February 25, 2008
RALEIGH – North Carolina counties could boost public safety, cut costs, and improve health outcomes by steering the mentally ill away from jail and toward community-based care. That’s the major finding in a new John Locke Foundation Spotlight report.
The report emphasizes successful models for jail diversion, including a program called the sequential intercept model. “It costs money to get the system right, but saves money overall while improving public safety,” said report author Joseph Coletti, JLF Fiscal and Health Care Policy Analyst. “One of every 10 police encounters involves a mentally ill person. Diverting them to effective treatment makes sense for everyone.”
The state’s mental health system generates much confusion, Coletti said. “Services are fragmented, and funding is not integrated,” he said. “The system is difficult for anyone to navigate, but it is a particular burden for those with the most chronic and severe mental illness. As a result, these individuals end up rotating through the most expensive locations for mental health care — emergency rooms, state hospitals, and the criminal justice system.”
Sixteen percent of all jail and prison inmates have serious mental illness, Coletti said. “That means among the 17,171 inmates in North Carolina as of June 30, 2005, it’s likely that about 2,750 of them had serious mental illness. Jails and prisons are not intended to provide the mental health treatment those inmates need.”
Care offered to inmates is designed to help them function well enough to stand trial or return to jail or prison, Coletti said. “Because of behavioral problems that arise without proper treatment, inmates with serious mental illness are held nearly six months longer than the average inmates before trial and are three times as likely to serve the maximum prison sentence if convicted. Mentally ill inmates are also more likely to come back into the criminal justice system after their release.”
In an ideal world, mentally ill people receiving proper community-based care would have no more contact with police than the physically ill, Coletti said. “In the real world, the best we can hope is to identify the mentally ill as early in the criminal justice process as possible and direct them into effective treatment programs,” he said. “Various jail diversion methods have been shown to reduce costs over time while keeping the public safe and increasing safety for the mentally ill and for police.”
Decreasing jail operation costs offset much of the initial increase in mental health costs, Coletti said. “The savings become substantial in later years on both the mental health and jail sides as patients rely less on hospitals and other costly forms of treatment.”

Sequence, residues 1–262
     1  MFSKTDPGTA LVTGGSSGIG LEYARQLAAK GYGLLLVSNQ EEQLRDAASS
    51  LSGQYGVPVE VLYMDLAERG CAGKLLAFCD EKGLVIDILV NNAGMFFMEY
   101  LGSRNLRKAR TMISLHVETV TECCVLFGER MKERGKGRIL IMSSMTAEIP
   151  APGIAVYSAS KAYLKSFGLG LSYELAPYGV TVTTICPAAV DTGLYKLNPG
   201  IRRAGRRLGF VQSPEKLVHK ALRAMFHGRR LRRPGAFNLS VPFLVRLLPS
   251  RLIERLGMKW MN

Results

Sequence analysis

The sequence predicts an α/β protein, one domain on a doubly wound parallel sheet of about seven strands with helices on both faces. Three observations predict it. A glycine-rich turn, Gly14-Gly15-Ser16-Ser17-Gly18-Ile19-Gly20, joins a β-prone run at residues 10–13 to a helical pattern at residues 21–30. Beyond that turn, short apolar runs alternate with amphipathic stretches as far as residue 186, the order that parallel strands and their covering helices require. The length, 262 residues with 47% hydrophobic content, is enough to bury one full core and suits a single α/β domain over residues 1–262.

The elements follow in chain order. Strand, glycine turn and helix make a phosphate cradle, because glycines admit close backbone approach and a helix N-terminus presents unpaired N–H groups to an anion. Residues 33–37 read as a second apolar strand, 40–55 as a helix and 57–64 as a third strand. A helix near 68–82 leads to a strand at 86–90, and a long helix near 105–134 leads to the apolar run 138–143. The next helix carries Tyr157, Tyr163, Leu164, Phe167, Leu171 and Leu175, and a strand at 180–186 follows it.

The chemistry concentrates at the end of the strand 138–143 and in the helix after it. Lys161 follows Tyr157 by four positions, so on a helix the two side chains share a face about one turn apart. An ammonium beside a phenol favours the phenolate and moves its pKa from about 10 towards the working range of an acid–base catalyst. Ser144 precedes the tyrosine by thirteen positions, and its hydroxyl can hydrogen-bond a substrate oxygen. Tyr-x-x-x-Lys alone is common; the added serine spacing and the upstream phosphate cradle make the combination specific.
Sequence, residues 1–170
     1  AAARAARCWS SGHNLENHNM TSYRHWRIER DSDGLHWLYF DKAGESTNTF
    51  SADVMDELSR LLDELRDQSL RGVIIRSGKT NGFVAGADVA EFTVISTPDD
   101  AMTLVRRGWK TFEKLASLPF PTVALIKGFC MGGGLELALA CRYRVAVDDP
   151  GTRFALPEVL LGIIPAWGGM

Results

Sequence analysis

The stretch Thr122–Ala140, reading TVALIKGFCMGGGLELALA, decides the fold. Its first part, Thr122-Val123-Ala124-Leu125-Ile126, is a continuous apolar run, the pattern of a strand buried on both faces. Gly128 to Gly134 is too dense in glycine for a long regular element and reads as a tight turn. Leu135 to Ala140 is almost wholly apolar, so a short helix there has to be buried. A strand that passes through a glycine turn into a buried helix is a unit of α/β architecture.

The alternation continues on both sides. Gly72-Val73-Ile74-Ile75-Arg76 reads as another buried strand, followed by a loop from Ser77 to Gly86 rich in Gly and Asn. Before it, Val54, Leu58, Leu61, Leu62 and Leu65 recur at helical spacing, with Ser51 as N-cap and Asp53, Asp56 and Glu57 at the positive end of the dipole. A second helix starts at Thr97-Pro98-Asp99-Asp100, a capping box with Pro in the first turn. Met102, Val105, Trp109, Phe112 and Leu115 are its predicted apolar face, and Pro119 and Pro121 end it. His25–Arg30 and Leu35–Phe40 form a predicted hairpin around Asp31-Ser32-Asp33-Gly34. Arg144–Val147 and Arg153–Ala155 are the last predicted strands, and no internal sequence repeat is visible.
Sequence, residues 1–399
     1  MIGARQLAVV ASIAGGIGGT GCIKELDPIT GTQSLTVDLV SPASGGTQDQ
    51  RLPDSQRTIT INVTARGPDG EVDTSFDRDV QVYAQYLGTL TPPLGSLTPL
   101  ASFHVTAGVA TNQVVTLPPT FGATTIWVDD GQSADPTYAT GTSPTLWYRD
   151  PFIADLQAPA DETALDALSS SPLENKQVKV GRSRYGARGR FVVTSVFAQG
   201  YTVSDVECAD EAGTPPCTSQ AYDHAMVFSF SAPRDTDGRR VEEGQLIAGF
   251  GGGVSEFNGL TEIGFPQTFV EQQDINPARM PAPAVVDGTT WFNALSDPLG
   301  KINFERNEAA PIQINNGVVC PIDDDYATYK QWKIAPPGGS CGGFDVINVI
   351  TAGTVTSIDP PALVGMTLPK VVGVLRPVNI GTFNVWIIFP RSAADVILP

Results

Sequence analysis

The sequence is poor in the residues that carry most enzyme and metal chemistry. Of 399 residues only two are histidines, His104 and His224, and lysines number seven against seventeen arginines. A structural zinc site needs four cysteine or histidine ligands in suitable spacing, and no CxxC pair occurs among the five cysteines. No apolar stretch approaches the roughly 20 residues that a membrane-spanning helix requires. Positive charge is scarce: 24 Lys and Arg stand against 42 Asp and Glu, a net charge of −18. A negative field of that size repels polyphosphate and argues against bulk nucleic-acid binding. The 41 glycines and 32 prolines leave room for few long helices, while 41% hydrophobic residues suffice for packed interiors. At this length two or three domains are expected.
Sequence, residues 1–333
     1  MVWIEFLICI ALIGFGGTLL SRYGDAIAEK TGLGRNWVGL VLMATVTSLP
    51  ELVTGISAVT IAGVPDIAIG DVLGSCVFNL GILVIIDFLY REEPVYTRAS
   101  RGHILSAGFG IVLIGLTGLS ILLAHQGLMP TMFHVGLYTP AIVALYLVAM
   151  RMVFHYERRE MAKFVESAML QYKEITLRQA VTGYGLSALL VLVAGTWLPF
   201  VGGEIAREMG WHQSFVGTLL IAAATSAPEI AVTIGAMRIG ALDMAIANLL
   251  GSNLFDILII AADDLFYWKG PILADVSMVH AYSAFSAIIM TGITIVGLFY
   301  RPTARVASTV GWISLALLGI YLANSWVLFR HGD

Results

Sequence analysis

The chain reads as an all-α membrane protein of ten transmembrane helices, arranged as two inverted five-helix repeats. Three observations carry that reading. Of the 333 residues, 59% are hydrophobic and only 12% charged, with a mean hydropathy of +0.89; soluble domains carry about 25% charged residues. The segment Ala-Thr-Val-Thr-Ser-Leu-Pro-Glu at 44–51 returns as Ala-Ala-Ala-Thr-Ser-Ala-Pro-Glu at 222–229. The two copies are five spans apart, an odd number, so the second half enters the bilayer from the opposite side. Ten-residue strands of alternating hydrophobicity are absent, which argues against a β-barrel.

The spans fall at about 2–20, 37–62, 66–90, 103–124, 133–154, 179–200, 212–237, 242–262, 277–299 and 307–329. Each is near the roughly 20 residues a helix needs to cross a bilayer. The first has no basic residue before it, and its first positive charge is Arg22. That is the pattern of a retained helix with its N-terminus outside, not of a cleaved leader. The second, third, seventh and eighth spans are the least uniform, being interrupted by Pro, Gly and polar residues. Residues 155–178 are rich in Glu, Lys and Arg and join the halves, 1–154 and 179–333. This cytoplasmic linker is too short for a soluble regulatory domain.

Ideas such as the sequential intercept model recognize the importance of identifying a mentally ill person early in his interaction with the criminal justice system, Coletti said. “This applies to other methods of jail diversion as well,” he said. “Crisis intervention teams like the one developed in Wake County allow communities to work with the mentally ill at the earliest stages. A viable pre-booking diversion system can help a community to avoid overwhelming its court system.”
If a mentally ill person must go to jail, he still can avoid unnecessary problems that can threaten safety and raise treatment costs, Coletti said. “Each jail should have a good working relationship with the agency or group — called a local management entity, or LME — that directs mental health care locally,” he said. “Some counties also have opted for mental health courts. Others might want to emulate a Memphis, Tenn.-area program called the Jericho Project, in which a public defender and social worker develop treatment alternatives for some mentally ill defendants.”
With overall savings and better outcomes from jail diversion, it’s clear counties should play a larger role in funding mental health services, Coletti said. “The current system’s reliance on Medicaid funding makes it hard to hold providers and case managers accountable for results within jails or at the LME level.”
“Counties have a direct stake in providing lower cost, community-based alternatives to prisons for mentally ill individuals,” he added. “Putting those alternatives in place will take time and creativity, but the effort will pay off in multiple ways.”
Joseph Coletti’s Spotlight report, “Jail Diversion Programs: A step toward better mental health reform,” is available at the JLF web site. For more information, please contact Coletti at (919) 828-3876 or [email protected]. To arrange an interview, contact Mitch Kokai at (919) 306-8736 or [email protected].